Disagree. I have muddied the waters be reiterating my thesis that there is no intellectual path to God, for an informed sceptical intellectual, but I'll save that debate for another thread. It is relevant though because it emphaises why the emotive conversion experience (which I have defined in this thread previously) is a brilliant tool for transcending intellectual obstacles to faith. I have witnesses many conversions of non-believers via the conversion process, believers who then are incapable of intellectually rationalising their beliefs without reference to the conversion (or personal experience of God as they call it) or emotional appeals.
I grant there may be some exceptions; probably those who actually find Christian apologetics convincing. If someone here has identified a genuine intellectual path to God that could convince an informed sceptical intellectual, without the need of references to personal subjective experiences/conversion processes or emotive appeals, by all means open a thread and post the good news.
I've provided a link to an interview with Francis Collins who has a graduate degree in QM, a MD and PHD in physical sciences. He is also the director of the Human Genome Project and has come to the Christian faith via an intellectual path and without subjective experience. He actually provides exactly what it is you are asking for.
I started another thread on Francis Collins but I remembered the discussion here and it fit exactly with what you were asking so this link is also in the other thread. (Apologies to admin.) :)
I happen to be doing a little research of my own into charismatic phenomena and thought I'd post some references here, since what you are describing as normal Christian "conversion" is not that at all, as I and others have tried to tell you. Most of it derives from the recent (19th to early 20th century) Pentecostal and (1960s) Charismatic movements. What you call "touch" conversion in your opening post is a Pentecostal/Charismatic phenomenon. Speaking in tongues also derives from this movement, and faith healing, and the movement is highly controversial despite its huge number of followers.
Here's some historical background and criticism from a Christian point of view which you certainly need if you are going to say anything relevant at all:
The first link takes a neutral stance and aims to give a complete historical outline of the theological developments from John Wesley through today's charismatics:
I was raised in evangelical churches, literally from birth. When I was about eight, at a church-sponsored summer day-camp, we were all invited to tell how we had been "saved". I was the only one who had no story to tell. There had been no "conversion" because I had always been there, so to speak.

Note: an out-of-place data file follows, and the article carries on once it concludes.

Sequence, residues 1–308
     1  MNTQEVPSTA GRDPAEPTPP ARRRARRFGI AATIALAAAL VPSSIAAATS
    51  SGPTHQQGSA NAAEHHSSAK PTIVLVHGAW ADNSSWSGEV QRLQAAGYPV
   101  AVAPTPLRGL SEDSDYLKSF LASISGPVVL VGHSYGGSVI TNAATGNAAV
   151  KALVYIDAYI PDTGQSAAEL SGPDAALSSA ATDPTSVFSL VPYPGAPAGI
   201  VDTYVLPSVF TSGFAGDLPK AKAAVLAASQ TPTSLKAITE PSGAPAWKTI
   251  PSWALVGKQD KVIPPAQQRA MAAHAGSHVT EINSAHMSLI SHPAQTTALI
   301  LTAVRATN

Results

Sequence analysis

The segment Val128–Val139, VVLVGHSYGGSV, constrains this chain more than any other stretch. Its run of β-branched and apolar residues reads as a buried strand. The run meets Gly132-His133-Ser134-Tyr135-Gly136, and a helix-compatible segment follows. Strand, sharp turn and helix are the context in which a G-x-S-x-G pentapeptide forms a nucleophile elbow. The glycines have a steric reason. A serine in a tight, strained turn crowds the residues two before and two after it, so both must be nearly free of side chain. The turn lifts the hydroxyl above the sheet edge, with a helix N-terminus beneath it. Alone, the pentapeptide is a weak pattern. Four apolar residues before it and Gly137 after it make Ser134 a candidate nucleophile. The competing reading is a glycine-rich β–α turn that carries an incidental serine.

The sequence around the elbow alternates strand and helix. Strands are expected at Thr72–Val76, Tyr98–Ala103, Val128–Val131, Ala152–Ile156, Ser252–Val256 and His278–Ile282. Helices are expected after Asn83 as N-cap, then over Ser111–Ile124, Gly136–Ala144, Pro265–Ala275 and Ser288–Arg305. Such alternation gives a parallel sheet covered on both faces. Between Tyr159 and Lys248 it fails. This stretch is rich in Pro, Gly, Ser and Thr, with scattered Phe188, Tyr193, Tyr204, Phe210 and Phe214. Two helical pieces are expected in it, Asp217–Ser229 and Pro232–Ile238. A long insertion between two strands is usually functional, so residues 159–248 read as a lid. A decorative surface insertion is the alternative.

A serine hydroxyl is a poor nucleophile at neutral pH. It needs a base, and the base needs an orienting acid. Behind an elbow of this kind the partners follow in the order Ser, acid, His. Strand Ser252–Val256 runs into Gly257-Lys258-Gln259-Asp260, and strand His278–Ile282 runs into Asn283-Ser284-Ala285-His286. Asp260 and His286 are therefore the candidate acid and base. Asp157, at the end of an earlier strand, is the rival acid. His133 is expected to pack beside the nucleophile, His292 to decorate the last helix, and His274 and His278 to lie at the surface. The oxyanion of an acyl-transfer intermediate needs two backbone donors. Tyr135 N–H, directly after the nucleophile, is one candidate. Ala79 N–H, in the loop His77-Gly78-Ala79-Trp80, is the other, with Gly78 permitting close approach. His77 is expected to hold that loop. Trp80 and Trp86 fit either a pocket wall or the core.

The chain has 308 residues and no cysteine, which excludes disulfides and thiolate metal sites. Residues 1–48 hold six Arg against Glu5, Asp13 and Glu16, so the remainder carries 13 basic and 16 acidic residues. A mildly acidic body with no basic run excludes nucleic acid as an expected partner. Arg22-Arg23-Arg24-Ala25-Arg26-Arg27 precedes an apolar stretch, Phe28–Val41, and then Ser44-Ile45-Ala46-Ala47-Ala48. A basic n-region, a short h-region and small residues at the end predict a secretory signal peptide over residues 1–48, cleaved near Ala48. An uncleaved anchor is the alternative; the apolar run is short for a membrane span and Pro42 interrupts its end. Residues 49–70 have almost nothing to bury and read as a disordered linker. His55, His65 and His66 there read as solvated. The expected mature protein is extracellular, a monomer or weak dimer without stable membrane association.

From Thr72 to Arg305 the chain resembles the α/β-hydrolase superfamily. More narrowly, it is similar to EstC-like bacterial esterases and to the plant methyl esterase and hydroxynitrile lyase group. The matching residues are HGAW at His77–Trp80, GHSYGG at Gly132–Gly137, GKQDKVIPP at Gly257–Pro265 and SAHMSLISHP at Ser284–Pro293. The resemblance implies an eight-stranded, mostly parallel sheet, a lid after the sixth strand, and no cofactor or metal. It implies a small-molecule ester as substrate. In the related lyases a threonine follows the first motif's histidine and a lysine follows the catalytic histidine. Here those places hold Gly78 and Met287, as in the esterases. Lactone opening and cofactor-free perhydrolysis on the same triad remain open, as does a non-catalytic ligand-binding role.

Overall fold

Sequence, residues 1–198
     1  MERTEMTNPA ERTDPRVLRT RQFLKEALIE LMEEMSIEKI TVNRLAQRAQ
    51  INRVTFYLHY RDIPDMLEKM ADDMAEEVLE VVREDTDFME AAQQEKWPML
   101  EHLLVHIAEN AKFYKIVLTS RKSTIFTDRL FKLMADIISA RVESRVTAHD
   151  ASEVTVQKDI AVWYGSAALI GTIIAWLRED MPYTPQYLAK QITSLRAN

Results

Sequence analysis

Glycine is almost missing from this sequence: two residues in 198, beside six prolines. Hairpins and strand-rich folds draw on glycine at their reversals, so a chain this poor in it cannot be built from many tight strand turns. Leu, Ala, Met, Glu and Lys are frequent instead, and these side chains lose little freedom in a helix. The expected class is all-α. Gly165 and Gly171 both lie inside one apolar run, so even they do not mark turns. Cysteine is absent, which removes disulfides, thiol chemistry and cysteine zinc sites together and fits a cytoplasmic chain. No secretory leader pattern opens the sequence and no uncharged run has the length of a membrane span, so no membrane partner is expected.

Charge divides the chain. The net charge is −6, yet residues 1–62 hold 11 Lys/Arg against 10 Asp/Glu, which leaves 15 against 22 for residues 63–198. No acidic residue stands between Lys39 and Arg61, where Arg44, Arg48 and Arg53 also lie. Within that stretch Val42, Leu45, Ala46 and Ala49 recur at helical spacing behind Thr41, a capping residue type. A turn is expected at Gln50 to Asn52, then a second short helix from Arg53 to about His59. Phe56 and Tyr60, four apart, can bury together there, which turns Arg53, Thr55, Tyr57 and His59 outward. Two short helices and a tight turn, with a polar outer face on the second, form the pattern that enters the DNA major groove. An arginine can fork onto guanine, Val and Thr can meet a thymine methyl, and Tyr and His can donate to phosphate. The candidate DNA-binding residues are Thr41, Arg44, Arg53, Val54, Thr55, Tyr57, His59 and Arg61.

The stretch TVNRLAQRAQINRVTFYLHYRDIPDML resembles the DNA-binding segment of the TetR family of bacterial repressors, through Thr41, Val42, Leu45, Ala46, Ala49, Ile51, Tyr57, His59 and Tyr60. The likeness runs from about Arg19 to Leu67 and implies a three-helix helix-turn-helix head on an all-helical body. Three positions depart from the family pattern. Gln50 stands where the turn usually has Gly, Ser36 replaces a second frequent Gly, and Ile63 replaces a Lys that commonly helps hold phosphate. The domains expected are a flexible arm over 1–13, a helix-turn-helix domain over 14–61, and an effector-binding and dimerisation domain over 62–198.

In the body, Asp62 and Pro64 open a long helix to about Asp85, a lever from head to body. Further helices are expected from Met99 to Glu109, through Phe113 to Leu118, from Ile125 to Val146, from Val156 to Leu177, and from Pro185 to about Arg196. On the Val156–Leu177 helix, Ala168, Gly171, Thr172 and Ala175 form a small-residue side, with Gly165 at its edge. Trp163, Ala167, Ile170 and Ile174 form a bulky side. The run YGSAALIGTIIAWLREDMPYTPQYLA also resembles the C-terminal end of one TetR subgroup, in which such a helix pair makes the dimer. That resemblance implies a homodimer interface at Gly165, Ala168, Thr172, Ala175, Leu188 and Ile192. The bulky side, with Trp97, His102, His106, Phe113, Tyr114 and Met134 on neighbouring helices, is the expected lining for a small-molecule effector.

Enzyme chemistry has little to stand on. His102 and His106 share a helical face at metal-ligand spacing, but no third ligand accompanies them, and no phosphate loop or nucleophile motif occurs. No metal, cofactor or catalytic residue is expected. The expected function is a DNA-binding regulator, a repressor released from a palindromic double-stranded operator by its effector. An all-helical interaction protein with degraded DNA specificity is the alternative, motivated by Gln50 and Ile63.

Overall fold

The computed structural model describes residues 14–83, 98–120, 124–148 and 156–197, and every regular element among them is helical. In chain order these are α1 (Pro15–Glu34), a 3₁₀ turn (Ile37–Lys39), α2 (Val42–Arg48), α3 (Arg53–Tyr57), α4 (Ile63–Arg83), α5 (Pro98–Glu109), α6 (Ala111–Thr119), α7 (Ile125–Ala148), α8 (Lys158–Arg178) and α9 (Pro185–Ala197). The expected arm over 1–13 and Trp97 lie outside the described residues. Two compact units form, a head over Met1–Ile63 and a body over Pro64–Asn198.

The teacher didn't see it that way. I was told, in so many words, that I had better get saved (with an implied "or else"). That was the extent of my being "led to the Lord".
As an eight-year-old, I was left alone to "get saved". Some time later, I mumbled a prayer which would supposedly do the trick.
In that church, baptism by immersion was done when the person decided he/she was "ready", typically in the early teens. I was never baptised because I was never "ready". Quite frankly, I always thought that being "dipped" was a little silly.
I've seen lots and lots of "speaking in tongues", etc., often by people that I know well. I am sure it isn't "faked", but I am equally sure it isn't real. I have no clear explanation for it.
As a teenager, I drifted away from the church. I tried to feel guilty about it, but I was never a really "bad" kid, so I compared pretty favourably with the kids who were "saved".
My real "conversion" has come over time, with the realization that God is everywhere, but He tends to avoid the buildings. He also tends to avoid the people who talk the loudest about Him.
What is your opinion on prayer? We have talked lately about how evil the God of Calvinism is, but if you have ever seen the Jimmy Stewart movie, It's A Wonderful Life you know the scenes where George Bailey talks to God in prayer. Is it so silly to believe that a Deity could hear our prayers? In my opinion, talking/praying is therapeutic.
Chance as a real force is a myth. It has no basis in reality and no place in scientific inquiry. For science and philosophy to continue to advance in knowledge, chance must be demythologized once and for all. –RC Sproul "A lie can travel half way around the world while the truth is putting on its shoes." –Mark Twain " ~"If that's not sufficient for you go soak your head."~Faith Paul was probably SO soaked in prayer nobody else has ever equaled him.~Faith :)